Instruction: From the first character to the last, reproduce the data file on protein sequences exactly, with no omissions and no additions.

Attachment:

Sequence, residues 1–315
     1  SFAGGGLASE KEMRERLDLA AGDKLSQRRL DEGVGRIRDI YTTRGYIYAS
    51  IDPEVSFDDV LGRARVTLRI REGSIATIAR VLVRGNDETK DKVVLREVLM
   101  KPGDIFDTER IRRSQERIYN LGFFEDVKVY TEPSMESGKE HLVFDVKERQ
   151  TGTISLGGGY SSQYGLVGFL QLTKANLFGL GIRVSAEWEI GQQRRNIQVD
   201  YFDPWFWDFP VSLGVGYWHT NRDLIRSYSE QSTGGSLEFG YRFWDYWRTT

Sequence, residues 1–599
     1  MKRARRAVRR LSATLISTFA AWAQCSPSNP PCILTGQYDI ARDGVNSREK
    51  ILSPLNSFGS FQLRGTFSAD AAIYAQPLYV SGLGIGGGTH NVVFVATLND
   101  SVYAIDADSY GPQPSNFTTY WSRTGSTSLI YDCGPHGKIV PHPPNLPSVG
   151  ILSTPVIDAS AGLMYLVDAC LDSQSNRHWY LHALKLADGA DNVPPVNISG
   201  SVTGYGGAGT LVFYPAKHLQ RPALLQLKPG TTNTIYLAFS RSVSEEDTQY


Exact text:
Sequence, residues 1–315
     1  SFAGGGLASE KEMRERLDLA AGDKLSQRRL DEGVGRIRDI YTTRGYIYAS
    51  IDPEVSFDDV LGRARVTLRI REGSIATIAR VLVRGNDETK DKVVLREVLM
   101  KPGDIFDTER IRRSQERIYN LGFFEDVKVY TEPSMESGKE HLVFDVKERQ
   151  TGTISLGGGY SSQYGLVGFL QLTKANLFGL GIRVSAEWEI GQQRRNIQVD
   201  YFDPWFWDFP VSLGVGYWHT NRDLIRSYSE QSTGGSLEFG YRFWDYWRTT

Sequence, residues 1–599
     1  MKRARRAVRR LSATLISTFA AWAQCSPSNP PCILTGQYDI ARDGVNSREK
    51  ILSPLNSFGS FQLRGTFSAD AAIYAQPLYV SGLGIGGGTH NVVFVATLND
   101  SVYAIDADSY GPQPSNFTTY WSRTGSTSLI YDCGPHGKIV PHPPNLPSVG
   151  ILSTPVIDAS AGLMYLVDAC LDSQSNRHWY LHALKLADGA DNVPPVNISG
   201  SVTGYGGAGT LVFYPAKHLQ RPALLQLKPG TTNTIYLAFS RSVSEEDTQY